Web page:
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He cleaned Nick Clegg's office – and was punished for wanting a living wage

Every weekday Valdemar Ventura, a gentle man with impeccable manners, leaves his small flat in south London and, until July, made his way to Downing Street and the Cabinet Office, where his duties included cleaning the floors, lavatories and office of the deputy prime minister,Nick Clegg. "A good man," Ventura says. "He always said, 'Hello, good morning'." Acknowledgment matters to a workforce often rendered largely invisible.

The Olympic Games Help Londoners

Britain last hosted the summer Olympics in 1948, just after World War II when we were broke and our aspirations were low. The Stadium was dominated by a quote from the founder of the modern Olympics, Baron Pierre de Coubertin: “The important thing in the Olympic Games is not winning but taking part. The essential thing in life is not conquering but fighting well.” This time around, Londoners can do more than take part: we can win.

Before Games, Workers Win a Big Event

LONDON — Enveloped in a warm, glimmering haze, the Olympic Stadium looks like a vast, silvery spaceship come to unlikely rest in the working-class East End.  Our viewing platform is no less unlikely. I’m standing with Lina Jamoul, a community organizer, at the top of a giant new shopping mall. It feels as though someone in Santa Monica should file a claim for grand-theft mall.

Community organisers help 1,200 people into Olympic jobs

Lina Jamoul from London Citizens argues that Work Programme contractors could learn lessons from London Citizens’ success in helping east Londoners to find jobs at the 2012 games.

In Gilded City, Living Wage Proposal Still Stirs Fears

In 1996, the Industrial Areas Foundation, an organizing group that has built thousands of homes across New York City, proposed that private firms contracting with the city pay food service workers, security guards, cleaners and temporary office workers a wage that ranged at the time from $7.25 to $12 an hour. “We started with a pretty simple idea: If you work full time, you shouldn’t be poor,” recalled Jonathan Lange, an organizer with Metro I.A.F., the local affiliate.

Living Wage, Again

Amid the uproar during the past few weeks over the proposed living wage law there’s one important point that you might have missed: the city already has a living-wage law. Its rules cover thousands of workers employed under more than $1 billion worth of contracts with the city.  In fact, New York City had one of the first living-wage laws in the country, though the city’s first bill covered just a couple thousand workers.

TELCO delivers commitments for a Living Wage Olympics in London 2012

London 2012 from its inception has been an organising opportunity for TELCO, and the work continues. Over 700 people gathered at an Assembly in November 2010 to focus on the Olympics. We negotiated publicly with officials from all three Olympic Games agencies (the Delivery Authority, the Organising Committee, and the Legacy Company). A month after our action, LOCOG (the Organising Committee for the Games) announced that all 130,000 jobs during the Games will be paid at least a London Living Wage. During April, TELCO schools took advantage of the International Olympic Committee visiting London and organised a celebration rally of the Ethical Guarantees that were struck between TELCO and the Olympic agencies. Over 300 students from East London schools attended the celebration rally; gave ‘Civil Society’ awards to the Chief Executives of the Olympic agencies; reminded them of their commitments to the organised people of East London and asked LOCOG to work with TELCO to ensure that local people are given job opportunities during the Games. We have since held two successful pilot jobs fayres, spearheaded by St Thomas More in North Hackney and St Katherine’s in Bow. In September, the TELCO team plans to roll out ten jobs fairs, clustered around anchor institutions.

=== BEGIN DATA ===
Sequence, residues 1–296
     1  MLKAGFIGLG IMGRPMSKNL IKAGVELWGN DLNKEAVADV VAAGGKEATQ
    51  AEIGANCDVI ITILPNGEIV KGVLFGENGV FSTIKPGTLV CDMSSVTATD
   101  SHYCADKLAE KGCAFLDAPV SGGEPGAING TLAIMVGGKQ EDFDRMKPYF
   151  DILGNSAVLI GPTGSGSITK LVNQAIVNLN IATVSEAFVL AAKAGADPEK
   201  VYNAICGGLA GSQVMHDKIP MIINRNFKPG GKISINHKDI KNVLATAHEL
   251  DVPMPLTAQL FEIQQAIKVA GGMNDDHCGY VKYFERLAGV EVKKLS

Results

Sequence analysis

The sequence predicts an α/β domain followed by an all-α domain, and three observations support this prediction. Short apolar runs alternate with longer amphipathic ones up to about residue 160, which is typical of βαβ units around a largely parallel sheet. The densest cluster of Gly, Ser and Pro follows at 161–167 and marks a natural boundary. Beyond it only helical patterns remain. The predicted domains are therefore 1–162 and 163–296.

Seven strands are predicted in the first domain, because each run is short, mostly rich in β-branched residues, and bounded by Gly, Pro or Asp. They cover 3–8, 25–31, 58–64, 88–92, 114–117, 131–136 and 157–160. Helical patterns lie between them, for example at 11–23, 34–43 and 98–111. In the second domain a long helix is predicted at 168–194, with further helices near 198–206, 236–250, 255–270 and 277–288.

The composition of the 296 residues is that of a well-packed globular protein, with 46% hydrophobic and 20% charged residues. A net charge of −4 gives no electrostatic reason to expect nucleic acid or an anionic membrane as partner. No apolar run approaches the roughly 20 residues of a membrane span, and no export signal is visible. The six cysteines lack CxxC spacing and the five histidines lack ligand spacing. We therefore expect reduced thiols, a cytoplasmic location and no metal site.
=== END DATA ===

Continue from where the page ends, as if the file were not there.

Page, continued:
Citizens UK negotiates living wage agreements with major private sector employers.

On 2nd May 2011, Trust for London announced to the 2,000 citizens at Citizens UK's Living Wage 10th Anniversary Assembly the new rate of £8.30 per hour. A new figure was also agreed with Loughborough University and Rowntrees at £7.20 per hour for employers outside London.  A focus on the retail sector was agreed by the Living Wage Steering Committee and ‘Lush’ from the private sector offered to lead the way across their 20 outlets. It was also agreed to explore the four major supermarket chains and to seek a working relationship with them for the long term. 

In Howard, Ulman advocates push for summer environment jobs

Pollution of the Chesapeake Bay can't be eliminated in one summer, and there's no apparent way to find a job for every unemployed youth in Howard County, but a faith-based county group says it has a plan to make a dent in both problems. People Acting Together in Howard, or PATH, is combining efforts with County Executive Ken Ulman to create summer youth jobs by training and paying students to build dozens of small rain gardens to help reduce polluting stormwater runoff...

Living Wage campaign marks 10 years of fighting for the poorest

It took on the banks and persuaded schools, hospitals and Westfield shopping centre to raise pay for workers. Now, on the eve of a 10th anniversary rally, the movement has Tesco in its sights too. Ken Livingstone calls them "the best example of the big society I've seen in the past decade". London Citizens, which started as a ragtag band of church groups and trade unionists appalled at the living conditions of many workers in the capital, will hold a mass rally in St Martin-in-the-Fields in Trafalgar Square tomorrow to celebrate 10 years of its Living Wage campaign...

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